Moran's scores fall into both camps.  Some are designed to evoke a particular attitude, feeling, idea, or location, and offer no specific instructions, instrumentation, or form.  Others have quite specific directions as to how to proceed through the work, including instrument choices or groupings, a key giving precise instructions as to what each graphic notation represents, and a plan for developing the form.  Some works allow the performers to rely on each other to create the music; others call for a conductor to serve as a quasi air traffic controller, preventing collisions while guiding the musicians to safe departures and arrivals. 


Visually, Moran's graphic scores vary from purely artistic drawings containing no overt musical material, to transmogrifications of traditional manuscript such as proportional or otherwise distorted notation.



The Process:


This project, recorded in spring 2009 and early 2010, is the result of a two-year collaboration with Maestro Moran — collecting scores and instruments, determining methods of approach to each piece, rehearsing, recording, editing, and, in at least one case, digging into Moran's own cabinet of curiosities to find lost treasures.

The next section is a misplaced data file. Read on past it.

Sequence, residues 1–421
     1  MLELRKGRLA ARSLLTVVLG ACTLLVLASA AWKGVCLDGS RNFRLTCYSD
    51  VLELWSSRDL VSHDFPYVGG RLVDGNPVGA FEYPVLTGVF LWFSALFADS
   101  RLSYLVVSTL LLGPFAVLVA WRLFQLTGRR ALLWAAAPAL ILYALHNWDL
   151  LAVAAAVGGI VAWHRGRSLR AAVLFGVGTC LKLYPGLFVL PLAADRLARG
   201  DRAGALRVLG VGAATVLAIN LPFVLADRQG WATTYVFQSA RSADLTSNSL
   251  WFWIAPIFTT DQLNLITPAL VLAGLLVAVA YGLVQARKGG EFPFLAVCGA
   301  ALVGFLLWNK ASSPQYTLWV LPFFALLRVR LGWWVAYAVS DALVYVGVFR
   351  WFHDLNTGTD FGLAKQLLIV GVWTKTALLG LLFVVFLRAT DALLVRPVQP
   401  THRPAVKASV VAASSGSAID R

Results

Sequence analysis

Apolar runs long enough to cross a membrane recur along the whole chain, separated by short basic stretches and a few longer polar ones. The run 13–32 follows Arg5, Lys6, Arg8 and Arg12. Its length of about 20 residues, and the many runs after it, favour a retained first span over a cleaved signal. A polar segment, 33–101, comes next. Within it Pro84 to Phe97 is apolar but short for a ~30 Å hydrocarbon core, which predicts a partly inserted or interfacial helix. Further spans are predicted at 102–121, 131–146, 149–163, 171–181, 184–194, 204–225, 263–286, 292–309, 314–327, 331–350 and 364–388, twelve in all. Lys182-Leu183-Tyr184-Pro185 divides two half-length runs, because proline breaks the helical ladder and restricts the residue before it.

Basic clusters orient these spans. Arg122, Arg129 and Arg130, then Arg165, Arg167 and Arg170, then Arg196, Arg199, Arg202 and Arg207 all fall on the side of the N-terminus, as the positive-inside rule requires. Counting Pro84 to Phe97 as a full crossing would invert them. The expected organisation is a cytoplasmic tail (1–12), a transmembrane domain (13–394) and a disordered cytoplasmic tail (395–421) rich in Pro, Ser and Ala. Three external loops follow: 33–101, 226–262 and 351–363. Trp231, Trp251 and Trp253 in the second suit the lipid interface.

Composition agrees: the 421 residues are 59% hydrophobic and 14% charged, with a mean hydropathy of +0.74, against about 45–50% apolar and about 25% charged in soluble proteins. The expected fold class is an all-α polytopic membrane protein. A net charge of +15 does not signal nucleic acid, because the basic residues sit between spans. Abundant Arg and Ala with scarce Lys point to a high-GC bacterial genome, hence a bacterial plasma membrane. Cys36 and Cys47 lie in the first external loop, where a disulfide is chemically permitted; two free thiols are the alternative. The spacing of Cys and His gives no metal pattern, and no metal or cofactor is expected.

The goal was to provide a compendium of Moran's graphic work showing the range of this form of composition, from purely atmospheric sound explorations to in-depth studies of rhythm, melody, and harmony.


This music is essentially about sound and interaction.  More than 100 instruments and implements were used to create this recording.  Much care was taken to ensure that each track features a unique instrumentation (except tracks 10 and 11, which have identical instrumentation), and only a few standard percussion instruments appear in more than one piece.  Listeners should be able to close their eyes and set themselves adrift in a varied sea of interesting sounds — a real sonic journey. 


I hope you will enjoy experiencing this stylistic stop-off on Robert Moran's own elegant sonic journey.


Dan Moore



Program Notes: